Your First Triathlon

Anybody who wants to have a go only really needs a swimming costume, goggles, a bike (your daily commuter, mountain bike or shopper will do) with safety approved helmet and running gear. Read this Q&A to dispel your doubts.There are lots more triathlon hints and tips here.

Can anyone do it?

Triathlon is an endurance event so a reasonable level of fitness is required but with distances from sprint to Ironman 'reasonable' applies to all of us. In common with other small sports involving shared suffering, tri has a great sense of camaraderie and an even greater sense of accomplishment.

Is it expensive?

Entry fees tend to be more expensive than running events reflecting the greater resources and organisation involved in multi-sport. BTF members usually get a discount and a range of other benefits which make joining well worthwhile. Because many races start early, travel and accommodation may be viewed as either pushing up the price or offering a chance for a weekend away!

But I'll need a fancy bike?

If you get your kicks from works of carbon fibre art then this is definitely the sport for you, but bikes in most events vary from a daily commuter with shopping basket to lightweight, wind tunnel tested, state-of-the-art bikes that have aero frames and bars and much, much more. Any amount of money can be spent in this department but neither would you be the only person on your mate's mountain bike. Two additions that will make a real difference to your current bike are clipless pedals and aerobars.

See our Bike Buying Guide.

My swimming isn't too great?

A good free style stroke is more efficient and faster but you wouldn't be alone in breast-stroking. Don't give up on learning crawl though. Claire Browse has written a beginner's swimming plan, and Charles Doxat and Stephanie Ellis have advice for those new to swimming. Serpentine has plenty of swim training sessions you can take advantage of.

I'm worried about mass swim starts

You're not alone, but there's plenty of advice from Serpentine members here. Many sprint events have pool swims without mass starts; you are set off according to your estimated time. 

And what about wetsuits?

For open water swims in Britain most races require that a wetsuit is worn when the water temperature is below a certain temperature (i.e. most of the time!). A basic suit can be bought new for £150 or rented for £35 per race from London tri shops. Of course there are many pool based sprint events which you don't need anything other than your usual costume and goggles.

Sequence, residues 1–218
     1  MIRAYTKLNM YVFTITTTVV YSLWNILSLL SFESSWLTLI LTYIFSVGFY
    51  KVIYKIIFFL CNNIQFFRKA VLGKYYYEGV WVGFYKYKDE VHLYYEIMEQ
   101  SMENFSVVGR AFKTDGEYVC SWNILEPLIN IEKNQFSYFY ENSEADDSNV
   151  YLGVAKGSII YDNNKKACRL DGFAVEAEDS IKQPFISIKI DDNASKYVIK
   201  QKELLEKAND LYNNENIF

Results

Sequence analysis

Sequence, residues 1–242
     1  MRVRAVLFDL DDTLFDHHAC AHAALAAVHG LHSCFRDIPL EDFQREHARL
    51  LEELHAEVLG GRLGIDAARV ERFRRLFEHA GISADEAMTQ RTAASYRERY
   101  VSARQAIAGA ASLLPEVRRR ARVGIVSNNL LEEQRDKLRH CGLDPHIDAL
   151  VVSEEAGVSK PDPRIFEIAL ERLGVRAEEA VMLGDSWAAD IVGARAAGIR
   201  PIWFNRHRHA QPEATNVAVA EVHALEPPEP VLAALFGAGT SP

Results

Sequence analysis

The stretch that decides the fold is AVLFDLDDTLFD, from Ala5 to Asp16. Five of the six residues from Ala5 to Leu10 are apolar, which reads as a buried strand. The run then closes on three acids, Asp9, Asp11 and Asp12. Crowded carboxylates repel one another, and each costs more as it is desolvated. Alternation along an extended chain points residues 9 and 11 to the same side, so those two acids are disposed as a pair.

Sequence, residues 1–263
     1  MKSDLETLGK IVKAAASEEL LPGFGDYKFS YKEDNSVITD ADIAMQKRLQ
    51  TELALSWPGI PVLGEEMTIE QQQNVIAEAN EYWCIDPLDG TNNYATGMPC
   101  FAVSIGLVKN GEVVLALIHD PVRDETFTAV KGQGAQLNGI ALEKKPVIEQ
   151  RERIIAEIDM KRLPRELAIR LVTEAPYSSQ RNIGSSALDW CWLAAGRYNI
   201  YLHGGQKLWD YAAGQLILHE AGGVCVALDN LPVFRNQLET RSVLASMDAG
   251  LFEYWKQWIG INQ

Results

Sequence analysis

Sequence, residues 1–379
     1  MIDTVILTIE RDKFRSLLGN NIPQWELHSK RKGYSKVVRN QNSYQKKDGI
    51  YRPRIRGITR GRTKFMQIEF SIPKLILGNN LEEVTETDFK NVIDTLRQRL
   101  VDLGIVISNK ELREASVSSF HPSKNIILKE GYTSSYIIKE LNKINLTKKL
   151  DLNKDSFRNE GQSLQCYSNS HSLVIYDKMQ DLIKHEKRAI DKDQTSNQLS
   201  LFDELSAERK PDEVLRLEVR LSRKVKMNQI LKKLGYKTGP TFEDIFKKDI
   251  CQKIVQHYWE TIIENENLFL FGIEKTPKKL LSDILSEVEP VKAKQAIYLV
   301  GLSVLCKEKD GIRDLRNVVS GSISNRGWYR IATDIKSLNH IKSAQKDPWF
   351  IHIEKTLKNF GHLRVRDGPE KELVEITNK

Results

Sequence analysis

See our Wetsuit Buying Guide.

Other swimming extras can include training equipment like floats, pull buoys, fins and hand paddles. We have details of places to practice open water swimming.

How can I start to train?

Serpentine has regular running, cycling and swimming training sessions. See our weekly diary for details. There's information about how to prepare and train for transition here.

Which races are good for beginners?

Only elite only races are closed to you, but you may prefer to start with a sprint distance race with a pool-based swim. The club triathlon championship races and multi-sport races will generally have a good turnout of Serpies who will give support and advice to newcomers which will add up to a better experience.

There are other easy entry points such as the National Club Triathlon Relays. Although this sounds scary, there are teams of all standards. The great thing for newcomers to triathlon is that there's no rushed transition, so it gives you the opportunity to swim, bike and run, but with a rest in between each leg.

Other more gentle ways into triathlon are to have a go at duathlon (bike & run) or aquathlon (swim & run) first – once you've done a race that includes two sports, adding a third doesn't feel as much of a challenge.

The Serpie Planner has lots of events listed and the British Triathlon Federation website has a full calendar of UK events.

It all sounds very scary!

Read the stories of three Serpies who took up triathlon and be inspired!